Spain commits 130 million euros to the Global Fund for HIV, tuberculosis and malaria

The President of the Government, Pedro Sánchez, has announced that Spain will renew its commitment to the Global Fund for HIV, Tuberculosis and Malaria with a contribution of 130 million euros —which come from the budget of the Ministry of Foreign Affairs— for the next three years. It is 30% more than the 100 million it had granted in the previous three years, a percentage in line with the increase in funds from the rest of the countries. “International contributions are essential to meet global challenges. And we have to prioritize the most vulnerable”, he said in his intervention in the opening speech of the meeting goalkeepers of the Bill and Melinda Gates Foundation, in New York.

The The Global Fund’s goal is to raise $18 billion (same amount of euros at the current exchange rate), of which the United States, host country of the seventh conference of donors of this organization, also in New York, has secured 6,000 million, provided that the rest of the countries cover the rest. On its Twitter account, the entity thanked the Spanish government for responding to the call.

It remains to be seen, at the end of the day, if the international community responds to the largest funding request in the history of the Global Fund. The amount is 30% higher than the budget obtained in 2019 —14,000 million— to continue for the next three years with a work which, according to the agency’s calculations, has managed to prevent 44 million deaths since the beginning of its journey, 20 years ago. And with which he hopes to save another 20 million lives until 2026.

The increase is justified by the increased need. The covid-19 pandemic has been a setback in the fight against these three infectious diseases. In 2020, more than 2.4 million people died from HIV, tuberculosis and malaria, 4.5% more than in 2019.

In 2020, more than 2.4 million people died from HIV, tuberculosis and malaria, 4.5% more than in 2019

For Leire Pajín, head of international development at ISGlobal, the amount committed by Spain is acceptable, taking into account the situation of economic stress triggered by the pandemic, the war in Ukraine, the energy crisis, and inflation. Although it is lower than the request of civil society organizations, which asked the Spanish Government to raise its contribution to 180 million. “We had asked that Spain be ambitious. And with this announcement a trend is consolidated: that the country continues to support the Global Fund and increase the contribution”, celebrates the expert. “It complies with what has been requested of the countries.”

Spain ceased to be a Global Fund donor in 2011 and it was not until 2019 when he returned to the largest club of countries that support the fight against these diseases. “The question is not only how much Spain gives, but whether it gets involved and has the capacity to influence. Because global health policies are decided in these mechanisms”, analyzes Rafael Vilasanjuán, member of the steering committee of Gavi, the Global Alliance for Vaccines. It is in these multilateral forums where the Spanish presence can contribute to promoting its international health cooperation agenda in regions such as Latin America, comments the expert, as soon as he learned of the announcement in the Jazz Lincoln Center auditorium, where he is also attending the Goalkeepers meeting.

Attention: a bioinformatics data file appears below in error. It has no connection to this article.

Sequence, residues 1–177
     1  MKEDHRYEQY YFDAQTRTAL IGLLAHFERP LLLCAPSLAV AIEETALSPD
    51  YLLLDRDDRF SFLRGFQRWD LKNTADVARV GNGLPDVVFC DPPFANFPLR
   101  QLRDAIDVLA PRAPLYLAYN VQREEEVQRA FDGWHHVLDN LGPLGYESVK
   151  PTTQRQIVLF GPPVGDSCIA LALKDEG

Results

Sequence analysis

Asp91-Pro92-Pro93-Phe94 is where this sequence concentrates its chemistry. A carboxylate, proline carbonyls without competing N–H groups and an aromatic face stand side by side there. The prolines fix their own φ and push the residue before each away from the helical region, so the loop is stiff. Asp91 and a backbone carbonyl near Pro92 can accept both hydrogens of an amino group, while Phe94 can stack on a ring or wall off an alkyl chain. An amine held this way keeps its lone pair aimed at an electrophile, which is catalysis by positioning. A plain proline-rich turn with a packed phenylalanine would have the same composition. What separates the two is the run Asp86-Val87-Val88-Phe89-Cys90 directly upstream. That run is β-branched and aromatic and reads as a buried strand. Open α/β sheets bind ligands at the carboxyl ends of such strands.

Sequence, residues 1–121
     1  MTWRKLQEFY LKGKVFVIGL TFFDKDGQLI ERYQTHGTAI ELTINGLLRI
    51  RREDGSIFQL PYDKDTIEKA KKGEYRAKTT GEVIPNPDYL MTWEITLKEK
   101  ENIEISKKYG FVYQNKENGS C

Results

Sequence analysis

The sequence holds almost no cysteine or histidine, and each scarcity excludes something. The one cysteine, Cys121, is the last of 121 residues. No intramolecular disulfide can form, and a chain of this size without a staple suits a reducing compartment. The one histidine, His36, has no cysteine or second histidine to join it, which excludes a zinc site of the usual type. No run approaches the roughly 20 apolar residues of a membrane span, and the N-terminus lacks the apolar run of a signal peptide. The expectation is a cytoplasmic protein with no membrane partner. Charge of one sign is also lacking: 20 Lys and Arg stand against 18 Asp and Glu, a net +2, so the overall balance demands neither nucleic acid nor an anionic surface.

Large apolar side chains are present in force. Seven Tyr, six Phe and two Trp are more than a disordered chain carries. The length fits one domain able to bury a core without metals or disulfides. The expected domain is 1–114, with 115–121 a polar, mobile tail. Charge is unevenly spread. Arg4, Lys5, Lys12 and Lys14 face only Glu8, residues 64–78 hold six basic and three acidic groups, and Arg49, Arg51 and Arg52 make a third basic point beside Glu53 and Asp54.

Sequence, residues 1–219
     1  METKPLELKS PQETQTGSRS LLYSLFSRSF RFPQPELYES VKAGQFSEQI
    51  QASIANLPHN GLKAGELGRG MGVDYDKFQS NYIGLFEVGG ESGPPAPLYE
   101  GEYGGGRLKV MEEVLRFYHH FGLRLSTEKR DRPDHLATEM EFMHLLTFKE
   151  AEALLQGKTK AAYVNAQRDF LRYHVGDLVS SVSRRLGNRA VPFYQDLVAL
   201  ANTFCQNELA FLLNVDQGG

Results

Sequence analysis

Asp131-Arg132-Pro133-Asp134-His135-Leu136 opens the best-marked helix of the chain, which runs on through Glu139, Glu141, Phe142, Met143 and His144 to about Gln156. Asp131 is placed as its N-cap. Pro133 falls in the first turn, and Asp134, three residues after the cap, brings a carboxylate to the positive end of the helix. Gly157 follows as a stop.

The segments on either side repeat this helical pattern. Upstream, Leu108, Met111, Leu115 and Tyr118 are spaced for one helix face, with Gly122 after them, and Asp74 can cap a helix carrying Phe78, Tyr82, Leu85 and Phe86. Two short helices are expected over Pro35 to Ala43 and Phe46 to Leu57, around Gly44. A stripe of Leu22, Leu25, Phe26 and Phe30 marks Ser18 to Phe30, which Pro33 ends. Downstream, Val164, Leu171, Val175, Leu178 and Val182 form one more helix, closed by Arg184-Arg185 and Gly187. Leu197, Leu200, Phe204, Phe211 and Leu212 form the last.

We had asked Spain to be ambitious and with this announcement a trend is consolidated: for the country to continue supporting the Global Fund and increasing its contribution

Leire Pajín, Head of International Development at ISGlobal

Spain was not at the table of the leaders of international solidarity for global health, for example, when in 2017 it requested that the European Medicines Agency be located in Spanish territory. Finally, such a body was established in Amsterdam. This capacity for influence and global presence is what is known in the jargon of international diplomacy as soft power (soft power). Although then it was related fall of Barcelona as a possible venue with political tensions of process in Catalonia, Spain was also not in a position to show off its chest as a relevant actor in the defense of global health.

“The increase in Spain’s contribution to the Global Fund is great news. It is the minimum figure that civil society had requested from the Government, ”says Vanessa López, director of Salud por Derecho, in a telephone message. “Spain is not only going to help prevent millions of deaths and infections over the next few years, but it is also going to have a great opportunity to strategically contribute to the international global health agenda,” she agrees with Pajín and Vilasanjuán. Although she recalls that, with 130 million, the country is “lagging behind the donors in its environment.” With certainty, however, only Germany’s commitment to grant 1,300 million euros among the countries of the European Union is known.

In a joint talk with the co-founders of the Gates Foundation at the Goalkeepers event, Bill Gates celebrated the news of Spain’s commitment, which also includes an additional 15 million for the Global Fund’s special mechanism for preparing for future pandemics, according to knowledgeable sources.

Gates also thanked Sánchez for the commitment of 236.5 million euros to fight for food security in the world, announced by the president yesterday. The philanthropist has dedicated his annual analysis in the Goalkeepers report to the problem of hunger.

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Spain commits 130 million euros to the Global Fund for HIV, tuberculosis and malaria